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This article is about the South Asian Royal title. For other uses of Rana, see Rana (disambiguation)

Rana Kumbha, the Rana of Mewar

Rana (rānā) is a Rajput title for Monarch. The title is derivative of the word 'Ran', which means "Battle Field". In status quo it is being used as a hereditary name by many Rajput clans throughout South Asia.

Rani is the title for wife of a Rana or a female Monarch. Rani also applies to wife of a Raja.

Compound titles include Rana Sahib, Ranaji, Rana Bahadur, and Maharana.

Royal title in India[edit]

Maharana Pratap, a Sisodia Rajput ruler

Rana was used to be a title for martial sovereignty of Rajput kings in India.[1] As a prefix, Rana means a Rajput who has proven his worth in a hard-fought war and turned out as a Monarch by winning it against all odds.

As title "Rana" was conceived as carrying martial and highly prideful meaning, so it was earned through valiance, but very occasionally it was transferred from generation to generation. It is also used as surname by people of Rajput ancestry in India, Pakistan and Nepal. Rana Pratap Singh, ruler of Mewar, fought numerous wars against the Mughals.

In the former princely states of Bangalore, Ali Rajpur, Bashahr, Baghal, Baghat and Keonthal, the rulers changed their titles from Rana to Raja. The style of the Rana of Porbandar was upgraded in 1918 to Maharana Sahib. There was only one incumbent before accession to of the state to the Republic of India.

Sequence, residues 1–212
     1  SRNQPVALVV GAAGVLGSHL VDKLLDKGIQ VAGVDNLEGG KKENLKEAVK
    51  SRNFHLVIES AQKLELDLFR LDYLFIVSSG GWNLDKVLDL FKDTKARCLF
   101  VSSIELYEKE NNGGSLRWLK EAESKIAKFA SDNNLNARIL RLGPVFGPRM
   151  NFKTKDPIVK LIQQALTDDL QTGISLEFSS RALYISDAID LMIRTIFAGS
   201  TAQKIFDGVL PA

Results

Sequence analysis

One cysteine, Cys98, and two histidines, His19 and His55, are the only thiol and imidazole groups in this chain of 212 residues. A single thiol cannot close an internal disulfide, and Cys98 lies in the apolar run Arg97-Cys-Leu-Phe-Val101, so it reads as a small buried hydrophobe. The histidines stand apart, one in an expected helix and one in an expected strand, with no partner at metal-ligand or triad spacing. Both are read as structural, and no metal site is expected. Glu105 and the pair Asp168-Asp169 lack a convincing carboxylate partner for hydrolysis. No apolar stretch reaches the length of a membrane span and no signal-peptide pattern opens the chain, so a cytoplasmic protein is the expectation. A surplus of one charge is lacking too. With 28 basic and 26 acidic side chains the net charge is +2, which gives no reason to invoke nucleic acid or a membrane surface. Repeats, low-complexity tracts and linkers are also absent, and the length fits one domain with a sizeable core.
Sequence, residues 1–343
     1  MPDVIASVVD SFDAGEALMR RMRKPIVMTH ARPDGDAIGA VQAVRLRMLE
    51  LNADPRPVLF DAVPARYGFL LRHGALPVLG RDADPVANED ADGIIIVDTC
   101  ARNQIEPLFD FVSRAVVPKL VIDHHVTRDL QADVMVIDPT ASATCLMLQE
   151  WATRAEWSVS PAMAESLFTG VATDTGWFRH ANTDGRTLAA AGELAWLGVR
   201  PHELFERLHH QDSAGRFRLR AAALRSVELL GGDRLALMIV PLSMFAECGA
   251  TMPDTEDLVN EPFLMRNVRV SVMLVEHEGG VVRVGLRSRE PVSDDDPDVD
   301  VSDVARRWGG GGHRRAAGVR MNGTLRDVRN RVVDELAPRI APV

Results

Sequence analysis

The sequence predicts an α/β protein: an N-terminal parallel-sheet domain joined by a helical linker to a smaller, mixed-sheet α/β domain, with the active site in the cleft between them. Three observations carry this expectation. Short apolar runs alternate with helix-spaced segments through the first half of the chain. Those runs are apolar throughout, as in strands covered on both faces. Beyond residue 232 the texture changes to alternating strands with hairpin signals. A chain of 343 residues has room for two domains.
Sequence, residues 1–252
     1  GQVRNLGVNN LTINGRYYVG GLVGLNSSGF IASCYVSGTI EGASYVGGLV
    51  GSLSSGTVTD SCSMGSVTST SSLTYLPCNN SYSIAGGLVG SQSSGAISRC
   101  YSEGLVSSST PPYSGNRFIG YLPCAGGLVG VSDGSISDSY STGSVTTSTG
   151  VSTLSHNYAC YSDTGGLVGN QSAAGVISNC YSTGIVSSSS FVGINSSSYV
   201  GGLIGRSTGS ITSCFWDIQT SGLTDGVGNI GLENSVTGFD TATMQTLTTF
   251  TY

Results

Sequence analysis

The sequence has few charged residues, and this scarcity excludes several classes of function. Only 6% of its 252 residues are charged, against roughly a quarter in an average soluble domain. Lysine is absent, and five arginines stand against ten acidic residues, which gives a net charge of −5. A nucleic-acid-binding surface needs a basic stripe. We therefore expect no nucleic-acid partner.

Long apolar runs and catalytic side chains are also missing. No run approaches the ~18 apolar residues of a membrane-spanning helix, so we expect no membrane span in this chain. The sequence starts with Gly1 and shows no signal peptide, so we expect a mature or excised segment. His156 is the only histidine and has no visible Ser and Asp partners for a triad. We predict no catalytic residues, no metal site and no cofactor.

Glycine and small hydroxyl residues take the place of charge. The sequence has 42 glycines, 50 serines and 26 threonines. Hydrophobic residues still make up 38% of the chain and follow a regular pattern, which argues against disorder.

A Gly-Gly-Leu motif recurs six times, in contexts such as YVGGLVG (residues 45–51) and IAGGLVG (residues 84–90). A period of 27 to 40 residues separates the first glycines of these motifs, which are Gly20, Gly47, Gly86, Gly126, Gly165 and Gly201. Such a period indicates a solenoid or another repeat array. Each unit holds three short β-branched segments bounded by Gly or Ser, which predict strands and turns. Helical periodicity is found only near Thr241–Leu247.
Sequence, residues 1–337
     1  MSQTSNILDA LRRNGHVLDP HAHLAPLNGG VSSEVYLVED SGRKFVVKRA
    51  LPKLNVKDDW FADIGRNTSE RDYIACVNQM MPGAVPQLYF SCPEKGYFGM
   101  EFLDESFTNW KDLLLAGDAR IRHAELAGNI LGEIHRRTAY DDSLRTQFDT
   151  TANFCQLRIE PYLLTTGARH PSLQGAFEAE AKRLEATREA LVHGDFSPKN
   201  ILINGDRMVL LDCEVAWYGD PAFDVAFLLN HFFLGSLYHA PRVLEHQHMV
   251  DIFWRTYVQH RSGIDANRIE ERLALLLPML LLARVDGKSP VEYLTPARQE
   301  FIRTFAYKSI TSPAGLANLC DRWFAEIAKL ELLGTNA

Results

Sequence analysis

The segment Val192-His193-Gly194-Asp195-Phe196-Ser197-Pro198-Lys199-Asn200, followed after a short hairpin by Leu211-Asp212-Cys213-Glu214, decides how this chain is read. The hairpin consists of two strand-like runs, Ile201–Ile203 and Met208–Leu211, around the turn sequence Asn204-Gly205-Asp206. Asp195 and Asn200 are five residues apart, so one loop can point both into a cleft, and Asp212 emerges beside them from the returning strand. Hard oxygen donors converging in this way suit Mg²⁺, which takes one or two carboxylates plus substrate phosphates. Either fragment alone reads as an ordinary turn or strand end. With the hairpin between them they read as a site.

Princely states that continued to use the title Rana for their rulers included Bhajji, Darkoti, Jobat, Jubbal, Khaneti, Kumharsain, Kuthar, Mangal, Kangra, Sakti, Wao and Dhami (a tributary state of Bilaspur). (Please add/delete).

The Thakurs of Balsan and Tharoch, promoted their self-styled titles to Rana.

Rana dynasty of Nepal[edit]

Maharaja Jang Bahadur Rana was a Rajput ruler of Nepal and founder of the Rana dynasty of Nepal.

The Rana dynasty ruled the Kingdom of Nepal from 1846 until 1953, reducing the Shah monarch to a figurehead and making Prime Minister and other government positions hereditary. It is descended from one Bal Narsingh Kunwar (Ranaji) of Kaski, who moved to Gorkha in the early 18th century and entered the service of Raja Nara Bhupal Shah around 1740. Originally, the Rana dynasty originated from the Royal family of Udaipur in India, also known as Mewar.

Jang Bahadur Rana was the first ruler from this dynasty.[2]


  1. ^ Bhattarai, Krishna (2009). Nepal. Infobase Publishing. p. 42. ISBN 9781438105239. 
  2. ^ Rose, Bhuwan (1966). Democratic Innovations in Nepal: A Case Study of Political Acculturation. University of California Press. p. 34.